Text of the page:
It’s high summer in the South, and the outdoors isn’t as inviting. Unless you have a garden. In May, I planted flower seeds recommended by the book, Garden Guide to the Lower South (read about here). Three months later, I’m enjoying the fruits of my labor. Watch this colorful garden grow.
Zinnias, sunflowers, and Mexican sunflowers abound in this garden. They sprout easily from seed. The only work required is weeding and watering from time to time.
For a video of the garden, visit my Facebook page here. “Like” it while you’re there to view extras not found on the blog.
Movie adaptations of Frankenstein always miss the mark. Sure they capture the morbid way in which the monster was made (from dead body parts). They show the mayhem the creature causes. Some point out the folly of the scientist who created life just because he could.
Sadly, most versions omit the pathos of the rejected monster himself. But in The Monsters’ Monster, Patrick McDonnell’s children’s book about a similar science experiment gone wrong, readers get an ending that delights rather than chills.
Post format: A Tale of Two Books
Frankenstein was written by Mary Shelley in 1818. It’s the story of Dr. Victor Frankenstein, a brilliant scientist consumed with making life. When he succeeds, he is horrified by his creation and quickly abandons it. The hapless creature is left to fend for itself. In a number of touching scenes, Frankenstein’s creature tries to make friends and live among humans. But his hideousness scares everyone away. Only then does he become crazed and murderous. Shelley’s description of the monster’s super strength and speed is truly terrifying as is his relentless pursuit of the doctor who made and then denied him. I’ve always thought this haunting, beautiful tale would lend itself more to a Masterpiece Theater series than a horror film.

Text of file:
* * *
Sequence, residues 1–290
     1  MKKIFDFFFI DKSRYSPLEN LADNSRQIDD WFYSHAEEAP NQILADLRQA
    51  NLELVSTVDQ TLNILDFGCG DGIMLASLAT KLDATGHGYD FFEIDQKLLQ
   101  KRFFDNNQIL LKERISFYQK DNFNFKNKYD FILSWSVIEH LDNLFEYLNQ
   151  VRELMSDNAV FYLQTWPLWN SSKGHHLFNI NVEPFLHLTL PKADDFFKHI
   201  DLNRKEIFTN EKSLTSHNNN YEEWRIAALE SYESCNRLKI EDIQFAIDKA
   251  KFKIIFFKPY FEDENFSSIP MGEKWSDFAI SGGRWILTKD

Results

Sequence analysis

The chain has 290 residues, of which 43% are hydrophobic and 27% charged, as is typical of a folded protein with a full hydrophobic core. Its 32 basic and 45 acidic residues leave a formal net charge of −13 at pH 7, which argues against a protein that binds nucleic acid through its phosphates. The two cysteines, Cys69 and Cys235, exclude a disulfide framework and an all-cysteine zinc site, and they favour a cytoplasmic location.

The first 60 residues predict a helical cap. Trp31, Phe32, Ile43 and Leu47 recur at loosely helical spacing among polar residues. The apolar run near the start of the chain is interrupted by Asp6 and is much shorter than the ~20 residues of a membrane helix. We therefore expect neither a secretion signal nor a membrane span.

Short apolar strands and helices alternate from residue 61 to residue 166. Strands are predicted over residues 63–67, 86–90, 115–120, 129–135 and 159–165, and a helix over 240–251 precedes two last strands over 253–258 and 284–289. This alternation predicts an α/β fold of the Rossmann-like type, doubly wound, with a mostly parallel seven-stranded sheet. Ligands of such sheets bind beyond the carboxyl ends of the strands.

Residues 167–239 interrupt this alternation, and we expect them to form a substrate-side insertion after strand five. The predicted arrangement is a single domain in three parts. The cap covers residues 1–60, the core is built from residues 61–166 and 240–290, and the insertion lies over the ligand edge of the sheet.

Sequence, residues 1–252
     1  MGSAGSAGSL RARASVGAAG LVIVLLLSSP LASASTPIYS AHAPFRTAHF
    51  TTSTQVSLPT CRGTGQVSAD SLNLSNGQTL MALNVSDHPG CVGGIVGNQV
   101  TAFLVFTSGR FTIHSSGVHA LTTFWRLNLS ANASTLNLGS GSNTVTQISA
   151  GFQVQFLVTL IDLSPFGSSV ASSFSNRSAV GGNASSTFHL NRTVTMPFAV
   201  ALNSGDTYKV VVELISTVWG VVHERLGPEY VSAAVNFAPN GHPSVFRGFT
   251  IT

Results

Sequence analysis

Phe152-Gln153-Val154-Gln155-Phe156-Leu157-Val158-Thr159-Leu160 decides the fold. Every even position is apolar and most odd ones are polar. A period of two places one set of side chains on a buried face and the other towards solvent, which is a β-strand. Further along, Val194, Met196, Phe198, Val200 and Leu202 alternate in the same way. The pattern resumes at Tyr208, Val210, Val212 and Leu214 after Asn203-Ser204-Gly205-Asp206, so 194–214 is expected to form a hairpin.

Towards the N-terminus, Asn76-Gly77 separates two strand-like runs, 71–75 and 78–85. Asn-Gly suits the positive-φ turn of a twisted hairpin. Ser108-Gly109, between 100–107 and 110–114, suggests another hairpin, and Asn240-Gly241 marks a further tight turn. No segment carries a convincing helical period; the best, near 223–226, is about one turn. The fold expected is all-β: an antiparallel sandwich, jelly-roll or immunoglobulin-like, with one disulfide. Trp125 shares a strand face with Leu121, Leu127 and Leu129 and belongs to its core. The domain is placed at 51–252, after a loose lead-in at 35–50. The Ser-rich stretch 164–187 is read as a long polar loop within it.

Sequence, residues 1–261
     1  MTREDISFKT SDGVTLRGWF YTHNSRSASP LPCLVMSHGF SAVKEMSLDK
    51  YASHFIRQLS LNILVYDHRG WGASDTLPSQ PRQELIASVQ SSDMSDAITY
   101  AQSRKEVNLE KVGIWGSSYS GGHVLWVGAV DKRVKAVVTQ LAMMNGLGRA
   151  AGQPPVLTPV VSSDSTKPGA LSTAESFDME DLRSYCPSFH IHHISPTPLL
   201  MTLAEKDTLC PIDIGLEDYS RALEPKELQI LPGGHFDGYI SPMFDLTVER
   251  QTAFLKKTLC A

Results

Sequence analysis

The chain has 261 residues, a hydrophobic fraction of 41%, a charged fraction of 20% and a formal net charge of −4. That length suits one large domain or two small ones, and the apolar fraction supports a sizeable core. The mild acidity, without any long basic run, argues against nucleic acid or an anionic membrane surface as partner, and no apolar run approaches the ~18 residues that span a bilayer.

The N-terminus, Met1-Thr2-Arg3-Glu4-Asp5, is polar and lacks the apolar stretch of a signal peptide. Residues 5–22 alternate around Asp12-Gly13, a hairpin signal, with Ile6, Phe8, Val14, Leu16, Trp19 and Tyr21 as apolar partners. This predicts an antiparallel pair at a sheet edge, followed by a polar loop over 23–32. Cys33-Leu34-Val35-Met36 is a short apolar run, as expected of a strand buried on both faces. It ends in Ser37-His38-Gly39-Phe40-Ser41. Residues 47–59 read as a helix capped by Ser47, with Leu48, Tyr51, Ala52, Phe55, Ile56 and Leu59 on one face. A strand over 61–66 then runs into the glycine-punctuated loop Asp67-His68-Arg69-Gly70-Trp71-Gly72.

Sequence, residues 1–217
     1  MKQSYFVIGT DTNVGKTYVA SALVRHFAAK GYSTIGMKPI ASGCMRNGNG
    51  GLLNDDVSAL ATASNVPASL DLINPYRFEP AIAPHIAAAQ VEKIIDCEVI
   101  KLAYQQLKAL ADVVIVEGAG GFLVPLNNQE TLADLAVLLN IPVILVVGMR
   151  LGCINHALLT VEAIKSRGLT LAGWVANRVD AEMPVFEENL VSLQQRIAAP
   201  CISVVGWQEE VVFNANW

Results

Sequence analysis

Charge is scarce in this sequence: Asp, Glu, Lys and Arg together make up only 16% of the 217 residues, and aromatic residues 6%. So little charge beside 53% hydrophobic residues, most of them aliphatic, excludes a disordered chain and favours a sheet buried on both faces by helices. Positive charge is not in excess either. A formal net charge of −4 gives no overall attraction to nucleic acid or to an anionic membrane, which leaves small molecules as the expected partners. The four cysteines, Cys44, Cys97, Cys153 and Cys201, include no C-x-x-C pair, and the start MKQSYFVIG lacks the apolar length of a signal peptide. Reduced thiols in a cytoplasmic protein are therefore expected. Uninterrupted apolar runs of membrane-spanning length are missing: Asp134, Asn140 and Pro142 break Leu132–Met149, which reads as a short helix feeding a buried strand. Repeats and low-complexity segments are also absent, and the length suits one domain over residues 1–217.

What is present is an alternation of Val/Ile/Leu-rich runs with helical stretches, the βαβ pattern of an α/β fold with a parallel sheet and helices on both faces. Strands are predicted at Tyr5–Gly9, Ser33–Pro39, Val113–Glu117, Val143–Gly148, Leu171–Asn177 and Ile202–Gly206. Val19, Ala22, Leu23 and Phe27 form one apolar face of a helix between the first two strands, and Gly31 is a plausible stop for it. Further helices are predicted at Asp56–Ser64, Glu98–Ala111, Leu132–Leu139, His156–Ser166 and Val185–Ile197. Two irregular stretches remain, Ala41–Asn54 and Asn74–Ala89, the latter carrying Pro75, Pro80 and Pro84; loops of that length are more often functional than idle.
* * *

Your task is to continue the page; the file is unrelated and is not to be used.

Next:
In McDonnell’s tale, The Monsters’ Monster, three monsters quarrel about who is the worst and then decide to settle the argument by making “the biggest, baddest monster EVER!”. But when a lightning bolt brings their creature to life, its first words to its creators are “dank you.” Disappointed, they then watch helplessly as he gently pets the snakes and spiders around him. His foray into the nearby village takes him to a bakery where he buys treats. Unlike Dr. Frankenstein, the three monsters’ initial disgust with their creation turns into affection by the book’s end. In a touching scene, the monster hands each one a warm, jelly doughnut and the group gazes happily into the sunset forgetting about being monsters at all.
Now The Monsters’ Monster is a picture book which pretty much guarantees a happy ending. And yes, Frankenstein, considered the forerunner to today’s science fiction and horror genres, would have faded into obscurity without its tragic conclusion. But anyone who takes the time to read Shelley’s original tale will feel for this creature. While the terror makes for great storytelling, part of you will wish someone had rather just taken the time to accept him.
QUESTION: Do you have a favorite horror book or movie?